In the mid-to-late 90s, more laser vision correction (LVC) procedures were performed than they are today, despite advances in laser technology. Interestingly, the average age (39) of patients undergoing LVC has not changed, but the demographics have. In the 90s, the baby boomers were the primary candidates for LVC. Most baby boomers are now in their late 50s or early 60s and are developing cataracts and presbyopia. By 2020, the average age of the baby boomer generation will be 65. Members of Generation Y (Gen Y), which includes individuals born between 1977 and 1995, range in age from 20 to 35. In 2020, the average age of those comprising Gen Y will be 35, making this generation now, and over the next 10 years, prime candidates for LVC.
The economy has also affected the LVC market. According to Market Scope, LVC procedures depend on consumers' confidence, which plummeted in 2007 and 2008. The question remains, how can refractive practices attract young patients to LVC? The answer is to reach Gen Y, our next potential group of young candidates.
HOW TO PIQUE INTEREST
Approximately 80 million Americans comprise Gen Y, making this generation equivalent in size to the baby boomer generation. In terms of volume alone, there is potential for busy LVC practices to emerge. In order to peak young people's interest in LVC, refractive practices must understand how these patients are influenced. Gen Y patients do not respond to traditional styles of mass media marketing. Growing up with computers, smartphones, and social media, this population is typically technology savvy.1 Gen Y patients are also well educated; approximately 60% to 64% attend college after high school.2 They generally like to do their own research and will seek information from multiple sources before making decisions. Most of them know someone, such as a parent, who underwent LVC.
Digital Outlets and Social Media Networks
The most direct way to market to Gen Y patients is through social media networks such as Facebook, Twitter, MySpace, and LinkedIn where patients can read reviews of the practice as well as others' experiences and blogs. The practice's website will also be a source of information for these younger patients, who read doctors' biographies and find out information on their own before stepping into the office. Additionally, practices should have a designated person who responds to emails and provides information through the practice's website. This task should be viewed as important as answering the office's phone.3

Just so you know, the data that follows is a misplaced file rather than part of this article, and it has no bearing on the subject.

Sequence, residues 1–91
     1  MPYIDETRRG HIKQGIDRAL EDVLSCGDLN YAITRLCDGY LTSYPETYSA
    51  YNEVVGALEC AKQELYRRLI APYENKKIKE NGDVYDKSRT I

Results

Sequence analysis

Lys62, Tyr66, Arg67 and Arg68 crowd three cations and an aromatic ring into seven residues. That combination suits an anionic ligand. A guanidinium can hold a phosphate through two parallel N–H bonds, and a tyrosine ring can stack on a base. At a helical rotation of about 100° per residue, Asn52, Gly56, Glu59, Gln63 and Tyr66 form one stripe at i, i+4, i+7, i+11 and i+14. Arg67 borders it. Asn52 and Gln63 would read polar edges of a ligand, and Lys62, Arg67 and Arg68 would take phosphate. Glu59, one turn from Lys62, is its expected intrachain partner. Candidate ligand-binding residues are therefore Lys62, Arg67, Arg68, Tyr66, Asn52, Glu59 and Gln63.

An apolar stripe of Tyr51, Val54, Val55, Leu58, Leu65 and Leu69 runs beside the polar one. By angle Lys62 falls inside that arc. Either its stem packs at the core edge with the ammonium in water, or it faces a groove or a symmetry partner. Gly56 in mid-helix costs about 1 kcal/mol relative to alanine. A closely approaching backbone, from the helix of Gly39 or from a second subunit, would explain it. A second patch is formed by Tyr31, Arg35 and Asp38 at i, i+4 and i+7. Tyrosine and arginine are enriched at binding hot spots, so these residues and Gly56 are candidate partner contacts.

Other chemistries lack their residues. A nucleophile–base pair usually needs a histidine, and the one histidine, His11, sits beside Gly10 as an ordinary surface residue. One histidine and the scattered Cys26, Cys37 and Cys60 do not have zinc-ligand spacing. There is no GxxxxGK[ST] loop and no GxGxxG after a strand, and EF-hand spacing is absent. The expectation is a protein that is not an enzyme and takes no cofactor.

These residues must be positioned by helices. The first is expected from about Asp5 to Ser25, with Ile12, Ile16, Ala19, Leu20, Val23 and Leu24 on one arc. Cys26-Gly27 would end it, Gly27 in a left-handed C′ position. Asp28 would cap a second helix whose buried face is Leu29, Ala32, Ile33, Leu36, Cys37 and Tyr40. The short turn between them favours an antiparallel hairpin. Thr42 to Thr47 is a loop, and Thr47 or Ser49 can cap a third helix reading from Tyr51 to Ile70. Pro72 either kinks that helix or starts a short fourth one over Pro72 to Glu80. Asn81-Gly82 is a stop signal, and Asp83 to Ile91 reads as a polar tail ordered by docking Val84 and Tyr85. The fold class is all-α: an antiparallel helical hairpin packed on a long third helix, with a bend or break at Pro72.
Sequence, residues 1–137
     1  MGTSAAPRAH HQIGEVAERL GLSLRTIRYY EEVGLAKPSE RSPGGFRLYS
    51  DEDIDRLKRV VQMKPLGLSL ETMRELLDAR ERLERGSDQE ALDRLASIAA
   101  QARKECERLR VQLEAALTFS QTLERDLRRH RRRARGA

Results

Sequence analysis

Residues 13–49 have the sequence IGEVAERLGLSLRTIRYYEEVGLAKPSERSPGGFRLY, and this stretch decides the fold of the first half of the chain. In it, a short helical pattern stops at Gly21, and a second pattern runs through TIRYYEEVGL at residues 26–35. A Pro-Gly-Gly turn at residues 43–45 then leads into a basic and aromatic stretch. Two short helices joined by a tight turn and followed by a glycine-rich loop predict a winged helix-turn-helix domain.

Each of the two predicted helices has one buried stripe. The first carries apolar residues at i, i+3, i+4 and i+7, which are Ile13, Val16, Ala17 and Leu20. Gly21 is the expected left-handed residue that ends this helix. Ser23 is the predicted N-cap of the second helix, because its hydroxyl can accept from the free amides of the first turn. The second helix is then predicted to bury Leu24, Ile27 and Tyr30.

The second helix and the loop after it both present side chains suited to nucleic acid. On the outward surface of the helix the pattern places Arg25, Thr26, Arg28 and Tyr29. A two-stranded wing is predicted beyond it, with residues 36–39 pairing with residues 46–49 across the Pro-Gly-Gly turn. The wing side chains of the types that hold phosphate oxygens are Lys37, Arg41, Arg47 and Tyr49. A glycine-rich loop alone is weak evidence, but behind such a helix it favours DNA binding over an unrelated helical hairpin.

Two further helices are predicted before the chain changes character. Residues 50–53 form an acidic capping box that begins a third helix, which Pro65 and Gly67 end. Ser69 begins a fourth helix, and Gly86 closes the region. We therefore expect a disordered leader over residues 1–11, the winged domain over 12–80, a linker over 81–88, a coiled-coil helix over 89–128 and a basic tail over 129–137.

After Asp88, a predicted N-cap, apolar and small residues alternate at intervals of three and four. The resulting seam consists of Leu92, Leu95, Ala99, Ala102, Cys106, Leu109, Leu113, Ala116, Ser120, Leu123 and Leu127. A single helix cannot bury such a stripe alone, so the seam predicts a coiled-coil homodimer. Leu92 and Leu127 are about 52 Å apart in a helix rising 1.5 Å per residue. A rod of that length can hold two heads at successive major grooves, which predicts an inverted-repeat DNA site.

Small Group Consultations
LVC practices should also consider small group consultations for patients.3 In general, Gen Y seeks a sense of community and feels safe in numbers. Convenience is always desirable, so having flexible hours to accommodate young patients' busy lifestyles will be key.
Reach Out to Current Patients
It is also important to make LVC more familiar to this patient population. Many from Gen Y grew up with LVC because their parents (baby boomers) underwent refractive surgery themselves. Gen Y'ers are family oriented and relies heavily on their parents for advice.1,3 Reaching out to parents, therefore, would be an additional way to capture Gen Y patients' attention. Given that many members of Gen Y are likely patients in the practice already for glasses or contact lenses, LVC practices could begin reaching out to these individuals.4 They could also offer tours of the office and the LVC suite to pique interest and increase familiarity and comfort with the process. Additionally, because Gen Y members like to do their own research, these individuals would likely be receptive to receiving a list of other patients who have undergone LVC, whom they could contact directly. These consumers appreciate the customization and personalization provided by offering additional resources.
Based on my experience, LVC does not yet seem to be a rite of passage for Gen Y patients. Refractive practices will benefit by marketing in a way that allows LVC to be more of a familiar and common procedure for this high-volume group of surgical candidates. The potential for another wave of busy LVC practices is real. The question remains as to whether refractive practices can change their strategies to target and ultimately capture Gen Y members for LVC.
Kathryn M. Hatch, MD, practices corneal, cataract, and refractive surgery at Talamo Hatch Laser Eye Consultants in Waltham, Massachusetts, and is a clinical faculty member at the Alpert Warren Medical School of Brown University in Providence, Rhode Island. Dr. Hatch may be reached (781) 890-1023; firstname.lastname@example.org.
- Kane S. Generation Y. About.com. http://legalcareers.about.com/od/practicetips/a/GenerationY.htm. Accessed January 4, 2013.
- Generation Y: seeking higher education, hoping to obtain better jobs and bigger salaries. The Bullet. http://umwbullet.com/2012/04/25/generation-y-seeking-higher-education-hoping-to-obtain-betterjobs- and-bigger-salaries/Published April 25, 2012. Accessed January 10, 2013.
- Mahdavi S. Future growth in LASIK: understanding and researching Generation Y. http://sm2strategic. com/files/AMO%20Paper08_5.pdf.
- Freeman JC, Chuck RS. The next generation of LASIK patients. Curr Opin Ophthalmol. 2009;20(4): 239-241.